Faces of Laradon: CeCe’s Story

The Beginning

To know Cece Rudesill is to know the world through a kaleidoscope of colors and positive energy.

After all, CeCe is known as many things. A black woman. A cancer warrior. A Kikuyu and Maasai descendent. An avid volunteer and change maker. A Laradon Residential Program Manager. A friend, sister, wife, and dog mom. An optimist. An advocate. A CeCe. (Just to name a few.)

The infinite number of pieces that make CeCe the person she is today are deeply rooted in her story. CeCe was born into the Kikuyu and Maasai tribes of Kenya.

CeCe describes how the tribes speak a very unique dialect and many traditions are still observed today— like, for the Maasai, it’s taboo for a man to touch a woman’s head because it is considered sacred and how the Kikuyu are known for being good with business.

“Being an African woman is an aspect of my being that I am very proud of,” CeCe explains.

CeCe learned a lot about life when she was young.

“I think gain is synonymous with Loss. Losing a parent(s) at whatever stage in life is unfortunate and sad. I lost my parents at a very young age and my life changed dramatically and drastically. My sister and I went from being housed to being homeless, to being in a children’s home, and eventually finding home in the United States,” CeCe says.  “It was no picnic but you have to try to make the best out of everything because the alternative sucks.”

Being A Black Woman In America

CeCe’s story would continue to write itself in Colorado. She says that moving to a completely new country, let alone a new, small town was different, strange, and scary. The culture shock was something she really struggled with.

CeCe’s story would continue to write itself in Colorado. She says that moving to a completely new country, let alone a new, small town was different, strange, and scary. The culture shock was something she really struggled with.

“I have been used as a “prop”; when I was younger a family wanted to introduce their children to a black person. I have had my face licked because a kid thought my skin would taste like chocolate. It was harmless, but still… Going to a store and being constantly watched and followed— the stares… Simply because someone is different don’t stare, ask them a question instead,” CeCe explains. “And, a little bit of advice from me to everyone: please ask before touching someone’s hair.”

As a black woman, she has had to continuously challenge and fight against stereotypes.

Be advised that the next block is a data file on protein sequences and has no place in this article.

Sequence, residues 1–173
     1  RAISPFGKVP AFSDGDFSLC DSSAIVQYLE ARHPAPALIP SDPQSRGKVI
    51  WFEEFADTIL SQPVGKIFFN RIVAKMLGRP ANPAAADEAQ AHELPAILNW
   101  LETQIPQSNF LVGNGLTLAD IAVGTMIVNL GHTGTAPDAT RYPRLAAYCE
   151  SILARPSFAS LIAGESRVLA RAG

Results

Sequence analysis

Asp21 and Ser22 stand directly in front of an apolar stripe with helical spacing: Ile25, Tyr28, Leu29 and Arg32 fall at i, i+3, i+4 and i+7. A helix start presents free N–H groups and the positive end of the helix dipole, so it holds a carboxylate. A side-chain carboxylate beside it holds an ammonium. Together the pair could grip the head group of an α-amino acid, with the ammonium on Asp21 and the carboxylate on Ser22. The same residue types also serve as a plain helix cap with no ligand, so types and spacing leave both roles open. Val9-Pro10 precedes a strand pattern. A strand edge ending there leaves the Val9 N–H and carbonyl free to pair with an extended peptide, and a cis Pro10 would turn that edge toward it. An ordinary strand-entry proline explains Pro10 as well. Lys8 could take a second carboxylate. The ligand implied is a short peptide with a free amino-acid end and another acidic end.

“Being a black woman in America in the midst of culture wars is a challenge on its own. You are automatically placed in a box check-marked with all stereotypes associated with the color of your skin. You have to disprove you are not all the things someone has deemed you to be simply because you are different. It is up to me and us to not only change, but also challenge these stereotypes. Black women can be loud or quiet. Black women can be whomever they choose to be” CeCe explains. “It just sucks that I have to constantly show that I do not belong locked up in that stereotypical box. I have to prove myself over and over again.”

The 2 C’s of Life: CeCe & Change

CeCe’s upbringing taught her a lot of things about life— one of which is it’s always better to help people.

“A lot of us think that you have to move a mountain in order to bring change. I have found that sometimes even small movements bring about change. You can always make a difference. It’s always better to help people. It makes me forget that this life can be hard,” CeCe says.

The thought of helping others and creating change resonated so deeply with CeCe that it was only natural for her to pursue a career path that let her do just that, help others. Her first gig was a job working with seniors at a Senior Center. This job would eventually lead her to where she is today at Laradon.

Working at Laradon has allowed CeCe to live out the motto of seeing a person and all they encompass and not just one aspect of who they are.

“It is so important to see everyone as a person first. I am CeCe, I am a dog mom, a wife, a volunteer, a knitter, etc. but those are things that make me, me. I think disability is an aspect of who someone is and not their whole being. It is very important when working in the intellectual and developmental disability community to have a person-centered mindset. The moment you see their disability first, you see their limitations first. You have to see who they are as a person,” CeCe explains.

CeCe isn’t just making tidal waves at Laradon. She creates change wherever she goes. She is currently a volunteer at the Senior Center and Children’s Hospital. Not to mention, she owns her own non-profit where she raises money to pay for kids to go to high school from the children’s home she once lived at.

“Be proud of who you are,” CeCe shared. “Be unapologetically you. Taking pride in everything that has led you to the now. I say that with utmost confidence. Everything I have gone through in my life, from hungry nights to cancer to the hardest years of my life, I wouldn’t change these things. They have made me who I am. A strong larger than Life proud black woman, among other things.”



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